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TwitchTV-285x285Google has reportedly beat out Microsoft and others to reach a deal to buy Twitch, a popular videogame streaming company.

The acquisition, which is expected to cost $1 billion, according to Variety, will give YouTube a war chest of content that appeals to the hardcore gamer.

Over the past three years, San Francisco-based Twitch has become the ESPN of the video game industry, where viewers go to watch live footage of videogames being played.

Twitch, which started off as Justin.TV, would have been particularly strategic to Microsoft, but a report by Verge suggests that Twitch considered a deal with Microsoft unfavorable because it would no doubt tie its content to the Xbox platform. Twitch is embedded in both the Xbox One and Sony’s PlayStation 4 console.

Obviously, the acquisition talks between Google and Twitch could still breakdown, but from this vantage point, it looks like Microsoft is losing another significant acquisition that could have similar ramifications to Google’s original purchase of YouTube. Just as Microsoft has had to painfully concede the video streaming race to Google, and embed the YouTube app in every platform it makes from Xbox to Windows Phone, it too will have to partner with Google for videogame content.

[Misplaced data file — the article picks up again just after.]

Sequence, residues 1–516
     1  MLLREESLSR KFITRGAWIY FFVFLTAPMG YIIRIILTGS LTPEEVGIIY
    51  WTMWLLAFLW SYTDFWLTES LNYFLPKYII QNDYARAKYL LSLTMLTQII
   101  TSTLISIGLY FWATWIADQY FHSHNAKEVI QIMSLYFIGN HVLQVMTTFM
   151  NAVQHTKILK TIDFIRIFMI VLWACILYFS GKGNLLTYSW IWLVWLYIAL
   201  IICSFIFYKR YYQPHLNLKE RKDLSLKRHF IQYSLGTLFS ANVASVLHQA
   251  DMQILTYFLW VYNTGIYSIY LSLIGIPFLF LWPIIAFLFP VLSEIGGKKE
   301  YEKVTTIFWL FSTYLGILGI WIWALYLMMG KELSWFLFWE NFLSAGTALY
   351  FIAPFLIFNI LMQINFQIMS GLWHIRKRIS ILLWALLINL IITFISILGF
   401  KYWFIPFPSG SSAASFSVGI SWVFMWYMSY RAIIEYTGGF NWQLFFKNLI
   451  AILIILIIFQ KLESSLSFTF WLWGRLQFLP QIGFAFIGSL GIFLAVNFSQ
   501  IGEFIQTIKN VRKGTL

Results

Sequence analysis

Twitch is the leader in the space, with 45 million monthly users and more than 1 million members who upload videos each month, and Google has been aggressive in building out its gaming channels. To make matters even more skewed in Google’s favor, the search giant has also invested in Machinima, one of the largest gaming video companies on YouTube.

And, while video games may sound like small piece of the video-streaming market, it isn’t: Twitch represents 1.35 percent of all downstream bandwidth in North America.

For now, Twitch’s videos run on its own platform, rather than on a third-party site, like YouTube, and monetizes by advertising to its very lucrative demographic. Users can pay a premium to get a commercial-free version, called Twitch Turbo, for $9 a month.

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